“Here we are. Ready for our 8.5 mile hike to Feldman Lake. Fish are waiting to be caught.” Photos submitted
By Ruth Hanson
Linda Walbruch had hiked on Isle Royale National Park in Lake Superior for many years before her hiking partner decided not to go again.
Linda's husband, John, had two hip replacements and their only child, a daughter named Sarah, had undergone knee surgery.
She turned to her grandson, 9-year-old Jason. He was going into fourth grade. That was last year.
"We took a harder trail this year," Walbruch said.
She explained that Jason pays his own way. He earned $20 from Grandpa John for running the 5K with his grandmother during Mantorville Marigold Days and then $15 for helping his grandfather in the garden. He saved his birthday and Christmas money for the trip.
"It teaches him to focus," Walbruch said. "'Jay' has a deep love for wild places. This year he saw his first moose. He wasn't a bit scared. He always walks in the front on the trail. So far I can keep up with him. I am 62. Jay saw his first wolf tracks and identified them. There are no dogs on the island to confuse you."
Walbruch had driven her little Honda from Kasson to a parking lot where she could pay by the week. She made reservations online to ride on Voyageur II out to the island.
"Jay learned how important it is to check equipment and to make sure not to leave anything behind - like the stove or the water filter or the tent pegs or other gear," she said.
They slept in a tent. Jay carried about 20 pounds in a pack on his back and his grandmother, about 35 pounds. They had to carry a week's food, mostly dehydrated. They used filtered water out of the lake.
"This year I used an air mattress for the first time," she said. "But I forgot it and left it behind one place. Somebody found it and left it at the visitor's center for me - pretty sweet. It is self-inflating."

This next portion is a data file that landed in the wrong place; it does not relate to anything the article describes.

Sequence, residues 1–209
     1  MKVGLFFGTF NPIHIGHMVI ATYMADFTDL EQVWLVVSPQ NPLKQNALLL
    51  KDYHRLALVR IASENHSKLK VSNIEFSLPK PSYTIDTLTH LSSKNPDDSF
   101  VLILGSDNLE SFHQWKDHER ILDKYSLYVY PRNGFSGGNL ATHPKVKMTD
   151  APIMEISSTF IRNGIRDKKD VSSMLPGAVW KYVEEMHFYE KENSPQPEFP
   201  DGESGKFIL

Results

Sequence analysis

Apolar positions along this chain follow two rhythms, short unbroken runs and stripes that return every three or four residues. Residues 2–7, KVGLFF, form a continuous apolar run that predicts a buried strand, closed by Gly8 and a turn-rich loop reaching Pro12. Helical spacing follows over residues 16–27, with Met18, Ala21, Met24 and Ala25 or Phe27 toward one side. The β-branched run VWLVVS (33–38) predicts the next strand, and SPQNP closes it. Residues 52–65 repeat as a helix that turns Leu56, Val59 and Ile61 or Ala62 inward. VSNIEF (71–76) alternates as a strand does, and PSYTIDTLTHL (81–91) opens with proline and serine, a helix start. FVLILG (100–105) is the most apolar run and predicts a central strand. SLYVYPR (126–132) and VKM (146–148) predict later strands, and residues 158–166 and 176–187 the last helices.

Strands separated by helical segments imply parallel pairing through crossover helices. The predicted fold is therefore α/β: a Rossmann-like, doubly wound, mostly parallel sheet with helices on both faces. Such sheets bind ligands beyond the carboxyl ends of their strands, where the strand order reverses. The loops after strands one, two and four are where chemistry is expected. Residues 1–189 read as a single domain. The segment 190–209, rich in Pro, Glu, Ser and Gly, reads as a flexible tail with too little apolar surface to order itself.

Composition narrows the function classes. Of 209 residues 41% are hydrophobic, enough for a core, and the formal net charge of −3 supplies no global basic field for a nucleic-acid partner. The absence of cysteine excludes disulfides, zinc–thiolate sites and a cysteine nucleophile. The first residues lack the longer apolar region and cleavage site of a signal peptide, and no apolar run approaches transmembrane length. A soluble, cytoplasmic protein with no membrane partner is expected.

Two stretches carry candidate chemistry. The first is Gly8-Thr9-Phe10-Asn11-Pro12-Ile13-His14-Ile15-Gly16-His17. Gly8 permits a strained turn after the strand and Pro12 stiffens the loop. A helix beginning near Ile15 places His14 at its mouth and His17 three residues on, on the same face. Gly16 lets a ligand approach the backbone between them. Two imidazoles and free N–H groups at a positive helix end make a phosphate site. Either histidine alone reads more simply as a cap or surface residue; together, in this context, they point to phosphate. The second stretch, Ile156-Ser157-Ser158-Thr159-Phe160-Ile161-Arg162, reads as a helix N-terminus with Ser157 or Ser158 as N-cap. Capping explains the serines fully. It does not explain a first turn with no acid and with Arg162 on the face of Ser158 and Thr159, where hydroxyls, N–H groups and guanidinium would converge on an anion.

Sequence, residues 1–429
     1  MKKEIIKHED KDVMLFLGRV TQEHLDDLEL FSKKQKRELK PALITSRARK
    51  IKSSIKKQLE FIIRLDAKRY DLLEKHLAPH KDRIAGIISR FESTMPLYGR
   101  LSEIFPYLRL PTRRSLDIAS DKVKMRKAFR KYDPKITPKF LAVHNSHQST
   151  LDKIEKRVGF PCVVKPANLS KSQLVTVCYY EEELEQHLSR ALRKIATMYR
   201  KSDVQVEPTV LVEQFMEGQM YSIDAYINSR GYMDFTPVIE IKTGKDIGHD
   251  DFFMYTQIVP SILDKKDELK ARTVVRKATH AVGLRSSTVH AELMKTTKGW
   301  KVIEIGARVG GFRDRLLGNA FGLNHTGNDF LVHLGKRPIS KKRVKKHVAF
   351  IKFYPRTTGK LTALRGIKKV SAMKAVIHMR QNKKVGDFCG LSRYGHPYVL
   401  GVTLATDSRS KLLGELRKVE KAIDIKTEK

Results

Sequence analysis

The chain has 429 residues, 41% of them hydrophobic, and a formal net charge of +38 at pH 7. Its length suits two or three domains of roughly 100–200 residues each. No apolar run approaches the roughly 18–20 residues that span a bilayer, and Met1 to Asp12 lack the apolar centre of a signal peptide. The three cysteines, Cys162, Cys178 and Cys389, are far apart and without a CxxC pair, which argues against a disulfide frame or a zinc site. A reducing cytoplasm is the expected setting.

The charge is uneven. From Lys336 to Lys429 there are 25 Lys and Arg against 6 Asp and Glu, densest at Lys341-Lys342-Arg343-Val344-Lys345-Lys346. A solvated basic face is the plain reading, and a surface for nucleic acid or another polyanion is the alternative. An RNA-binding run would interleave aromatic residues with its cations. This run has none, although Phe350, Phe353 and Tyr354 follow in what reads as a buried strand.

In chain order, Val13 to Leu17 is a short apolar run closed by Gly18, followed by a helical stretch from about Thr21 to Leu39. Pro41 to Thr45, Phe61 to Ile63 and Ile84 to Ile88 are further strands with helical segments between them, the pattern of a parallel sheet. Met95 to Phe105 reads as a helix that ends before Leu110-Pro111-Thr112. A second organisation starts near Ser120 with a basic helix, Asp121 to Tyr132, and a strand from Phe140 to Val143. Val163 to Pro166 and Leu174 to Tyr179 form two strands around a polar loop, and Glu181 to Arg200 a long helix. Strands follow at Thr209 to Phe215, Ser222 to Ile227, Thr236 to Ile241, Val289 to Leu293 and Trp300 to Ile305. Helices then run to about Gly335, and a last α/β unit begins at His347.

Jay learned a lot about ship wrecks from what he could see in the water. He identified plants and ate a lot of thimble berries.
He identified moose skat.
On Saturday they met a woman who was part of a study group from Michigan who had audio taped bats the year before. This year they were catching seven species of bats.
"They had gotten rabies shots," Walbruch said.
Her daughter told her that the hike was much like an Outward Bound trip she had taken in the Boundary Waters as a 15-year-old.
Looking back, Walbruch said that the tricky part of saying goodbye to the island is "leaving my heart there and bringing the island home with me. I cry when I leave the island behind. I can't find words to explain the feeling."
She said she doesn't want her age to be a limiting factor in her life.
She referred to a book by Richard Louv called, "The Last Child in the Woods," which deals with the staggering divide today between children and the outdoors. She said she doesn't want her grandchildren to be the last children in the woods.
She smiled and said that their trip had been during the last few days of July and the first few days of August. She trains all year, lifting weights and swimming at the Rochester Athletic Center twice a week all year. She starts training in earnest during June and July.
"Jay is planning to go again next summer and is already saving money," she said, smiling again. "I appreciate his mother's trust. He has a younger sister, but he is her only son."